Now and then it pops up on television once again, but it's rather dated. All the international players have changed and it's a bit of an historical artifact - kind of like "Reefer Madness." And the sobering premise - nuclear war would actually be bad for you and missile silos in the next field over make you a prime target - seems typical Hollywood "seriousness." Like, you didn't know that? Jason Robards, as Doctor Russell Oakes, does his trademark long-faced-sadness thing and it plods along. Everyone dies, almost all from the radioactive fallout.

But it won an Emmy for special effects, and the usual praise for its "seriousness." Those were the days when the major networks got points for "serious" - it excused all the other fluff, maybe.

But not all fallout is serious. Political fallout is not entirely serious.

Two days after the midterm elections - Thursday, November 9 - there was fallout from the Republican meltdown ("China Syndrome") when the voters went nuclear ("The Day After") on the Bush folks and tossed a good number of them out. No one was getting any points for serious.

In the New York Daily News there was this -
Harlem's newly powerful Rep. Charles Rangel wants to stick it to his White House nemesis Vice President Cheney - by taking over his spacious House office.

At the same time, the veteran congressman offered a limp olive branch to the vice president yesterday, saying he regretted publicly calling him an SOB last week.

"I take back saying that publicly. I should have reserved that for him when we were together privately," said Rangel. "Believe me, he would have understood."

Rangel (D-Harlem), poised to become the next chairman of the important House Ways and Means Committee, spoke of the need for bipartisanship with the Republicans, even as he continued his feud with Cheney.

"Mr. Cheney enjoys an office on the second floor on the House of Representatives that historically has been designated as the Ways and Means chairman," Rangel mused. "And, I've talked with [future Speaker of the House] Nancy Pelosi … and I'm trying to find some way to be gentle as I restore the dignity of that office to the chair."

The White House declined to comment.

In the past, Rangel has branded the vice president a "draft dodger" and Cheney has predicted that Rangel would destroy the economy as head of the Ways and Means Committee.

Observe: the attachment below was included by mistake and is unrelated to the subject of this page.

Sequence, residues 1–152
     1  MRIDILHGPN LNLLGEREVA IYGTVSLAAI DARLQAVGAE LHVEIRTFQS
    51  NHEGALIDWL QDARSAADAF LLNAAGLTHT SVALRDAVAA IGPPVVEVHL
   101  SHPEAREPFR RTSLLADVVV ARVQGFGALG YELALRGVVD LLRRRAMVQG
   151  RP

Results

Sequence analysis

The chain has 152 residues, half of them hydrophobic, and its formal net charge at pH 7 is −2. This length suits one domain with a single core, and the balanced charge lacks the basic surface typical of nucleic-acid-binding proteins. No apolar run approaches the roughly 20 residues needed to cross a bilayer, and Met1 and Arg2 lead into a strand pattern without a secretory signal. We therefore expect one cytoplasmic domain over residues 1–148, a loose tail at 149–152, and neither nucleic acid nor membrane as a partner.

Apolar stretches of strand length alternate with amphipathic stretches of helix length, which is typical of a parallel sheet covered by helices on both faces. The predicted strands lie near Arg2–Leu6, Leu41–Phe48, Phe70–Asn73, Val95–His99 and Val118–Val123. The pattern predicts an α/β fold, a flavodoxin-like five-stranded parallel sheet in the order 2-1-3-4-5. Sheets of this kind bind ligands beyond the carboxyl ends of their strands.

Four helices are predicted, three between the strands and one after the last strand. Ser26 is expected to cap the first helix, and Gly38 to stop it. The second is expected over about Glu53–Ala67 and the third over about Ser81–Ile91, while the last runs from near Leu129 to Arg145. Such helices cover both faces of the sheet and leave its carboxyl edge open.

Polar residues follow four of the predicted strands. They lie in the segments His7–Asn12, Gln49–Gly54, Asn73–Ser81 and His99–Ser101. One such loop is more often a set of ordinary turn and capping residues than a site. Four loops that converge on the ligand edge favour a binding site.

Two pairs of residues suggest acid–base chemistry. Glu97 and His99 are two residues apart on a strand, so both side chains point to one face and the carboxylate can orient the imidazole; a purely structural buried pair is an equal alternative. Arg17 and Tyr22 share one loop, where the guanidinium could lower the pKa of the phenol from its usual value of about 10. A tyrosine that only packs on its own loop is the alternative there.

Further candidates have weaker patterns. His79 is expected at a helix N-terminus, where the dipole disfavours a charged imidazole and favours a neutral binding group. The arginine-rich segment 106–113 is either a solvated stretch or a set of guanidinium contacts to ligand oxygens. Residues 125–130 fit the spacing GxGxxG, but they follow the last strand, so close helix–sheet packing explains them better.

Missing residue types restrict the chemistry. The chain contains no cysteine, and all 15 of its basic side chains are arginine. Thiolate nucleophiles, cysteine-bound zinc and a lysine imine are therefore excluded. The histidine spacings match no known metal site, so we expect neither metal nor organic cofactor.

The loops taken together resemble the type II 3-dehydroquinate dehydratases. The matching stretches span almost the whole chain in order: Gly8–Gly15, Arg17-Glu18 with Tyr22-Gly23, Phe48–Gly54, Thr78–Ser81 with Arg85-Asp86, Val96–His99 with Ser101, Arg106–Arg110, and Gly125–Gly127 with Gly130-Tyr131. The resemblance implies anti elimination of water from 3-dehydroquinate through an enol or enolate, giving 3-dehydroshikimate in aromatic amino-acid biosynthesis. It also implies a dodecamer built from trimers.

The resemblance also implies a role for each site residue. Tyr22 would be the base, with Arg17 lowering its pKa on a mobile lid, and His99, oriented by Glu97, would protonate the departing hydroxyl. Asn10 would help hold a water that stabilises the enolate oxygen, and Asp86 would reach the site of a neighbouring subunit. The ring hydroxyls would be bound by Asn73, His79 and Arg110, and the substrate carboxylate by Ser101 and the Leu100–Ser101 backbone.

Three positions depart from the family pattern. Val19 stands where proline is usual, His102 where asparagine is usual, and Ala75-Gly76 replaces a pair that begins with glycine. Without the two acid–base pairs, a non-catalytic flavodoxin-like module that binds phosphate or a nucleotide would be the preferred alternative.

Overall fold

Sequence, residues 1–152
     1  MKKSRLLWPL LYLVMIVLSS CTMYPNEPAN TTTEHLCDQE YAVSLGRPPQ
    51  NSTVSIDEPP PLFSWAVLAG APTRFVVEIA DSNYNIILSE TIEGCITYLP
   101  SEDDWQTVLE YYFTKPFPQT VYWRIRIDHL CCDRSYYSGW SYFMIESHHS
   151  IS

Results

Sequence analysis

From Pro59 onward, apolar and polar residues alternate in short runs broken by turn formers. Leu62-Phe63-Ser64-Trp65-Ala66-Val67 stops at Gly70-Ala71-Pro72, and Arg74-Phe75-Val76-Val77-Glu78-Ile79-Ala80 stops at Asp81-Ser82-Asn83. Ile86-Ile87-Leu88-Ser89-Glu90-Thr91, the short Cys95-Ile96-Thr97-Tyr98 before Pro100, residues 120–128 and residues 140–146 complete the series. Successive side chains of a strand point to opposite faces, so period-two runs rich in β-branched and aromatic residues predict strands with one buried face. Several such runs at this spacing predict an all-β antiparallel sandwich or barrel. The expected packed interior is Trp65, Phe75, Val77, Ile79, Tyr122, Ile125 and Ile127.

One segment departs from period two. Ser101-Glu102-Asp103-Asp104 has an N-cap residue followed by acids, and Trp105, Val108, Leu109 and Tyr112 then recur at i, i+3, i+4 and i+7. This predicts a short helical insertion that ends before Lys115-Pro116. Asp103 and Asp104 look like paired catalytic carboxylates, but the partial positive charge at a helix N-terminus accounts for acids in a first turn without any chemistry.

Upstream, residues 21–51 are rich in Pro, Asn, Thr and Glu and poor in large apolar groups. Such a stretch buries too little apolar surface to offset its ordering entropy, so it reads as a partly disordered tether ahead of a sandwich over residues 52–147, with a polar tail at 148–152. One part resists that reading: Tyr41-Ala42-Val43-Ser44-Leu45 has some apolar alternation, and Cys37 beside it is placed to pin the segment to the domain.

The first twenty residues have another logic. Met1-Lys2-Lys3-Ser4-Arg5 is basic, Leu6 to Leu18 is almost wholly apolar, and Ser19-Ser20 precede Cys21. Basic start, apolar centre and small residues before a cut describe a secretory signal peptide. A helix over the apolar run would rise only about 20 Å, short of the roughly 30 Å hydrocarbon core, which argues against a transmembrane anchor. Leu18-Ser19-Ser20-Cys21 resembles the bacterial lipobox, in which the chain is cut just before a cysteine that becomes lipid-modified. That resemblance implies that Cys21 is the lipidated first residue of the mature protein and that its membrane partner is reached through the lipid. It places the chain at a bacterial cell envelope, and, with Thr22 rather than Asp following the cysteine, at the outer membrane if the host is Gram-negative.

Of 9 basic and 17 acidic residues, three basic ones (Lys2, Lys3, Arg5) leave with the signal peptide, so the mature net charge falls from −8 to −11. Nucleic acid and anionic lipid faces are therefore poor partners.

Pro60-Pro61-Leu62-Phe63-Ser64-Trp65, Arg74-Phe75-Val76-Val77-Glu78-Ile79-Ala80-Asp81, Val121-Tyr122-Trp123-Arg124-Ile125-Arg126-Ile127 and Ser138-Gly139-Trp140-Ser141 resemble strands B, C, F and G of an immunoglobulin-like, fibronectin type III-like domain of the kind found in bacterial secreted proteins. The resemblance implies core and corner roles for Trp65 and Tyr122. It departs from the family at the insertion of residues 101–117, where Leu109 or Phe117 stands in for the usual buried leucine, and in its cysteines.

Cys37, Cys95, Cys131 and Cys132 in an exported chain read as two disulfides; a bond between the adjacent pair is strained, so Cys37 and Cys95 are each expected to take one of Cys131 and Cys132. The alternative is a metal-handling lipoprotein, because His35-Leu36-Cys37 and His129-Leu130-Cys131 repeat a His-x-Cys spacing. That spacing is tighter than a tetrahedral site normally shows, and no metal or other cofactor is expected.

Like the missiles raining down on Kansas, no one expected that one. The fallout is that the traditional losers just stopped acting like losers - they're all feisty and laughing at the guys who said they were the natural and perpetual winners. So much for the Republican century. Charlie wants his office, and he'll probably get it. Dick will just have to get over it, and go hunting again, and kill small animals.

And how should the president handle the "thumping" he and his party just got? Charles Rangel is not the only one being gleefully uppity.

The online editor of the neoconservative Cult-of-Bush National Review, Jonah Goldberg, at their open comment site "The Corner," has a suggestion -
I think James Baker and Dick Cheney should take Bush out to the woods around Camp David. After 24 hours in a sweat lodge, he should be given only a loin cloth, a hunting knife and a canteen of water. Bush should then set out to track and kill a black bear, after which he should eat its still beating heart so he can absorb its spirit. He should then fly back to Washington in Marine 1. His torso still scratched from the bear's claws, his face bloodied and steaming in the November chill, he should immediately give a press conference at which he throws the bearskin on the front row of the press corps, completely enveloping Helen Thomas, declaring, "I'm not going anywhere."

This will send important messages to Democrats and well as to our enemies overseas, who are no doubt high-fiving as we speak.
Let's assume Goldberg is being fanciful, and is just frustrated that those who wish to destroy America - Democrats and al Qaeda and more than half the voters in the nation, and gay folks and who knows who else - don't recognize that this world belong to the warriors, those proven in battle (like George Bush and not John Kerry - no wait, he can't mean that), those who crush their enemies and don't think a thing about it. The bear business was extra.

Or maybe it is a cult thing.

The plodding but earnest Arthur Silber states the obvious -
Even playfully imagining that Bush could actually do anything remotely like this is ridiculously laughable, as laughable as thinking that Baker and Cheney would demand such a rite of passage. All these men have known only pampered, highly insulated lives of immense privilege and comfort. And when Cheney does go hunting, it's not actually "hunting," in the sense of a "sport." No: "It's disgusting bloody-mindedness, a lazy, cowardly, vicious sort of abuse." [His reference is here.] These people are all more than happy to send other men (and women) to fight genuine battles, and to suffer grievous injury and even death. But face actual physical peril themselves? Please. Inflicting pain and torture on frat pledges or helpless animals is one thing; when it comes to doing it in real life... well, they'll instruct soldiers at Abu Ghraib to take care of it. The first makes the second possible, but the first represents the full extent of these men's "bravery."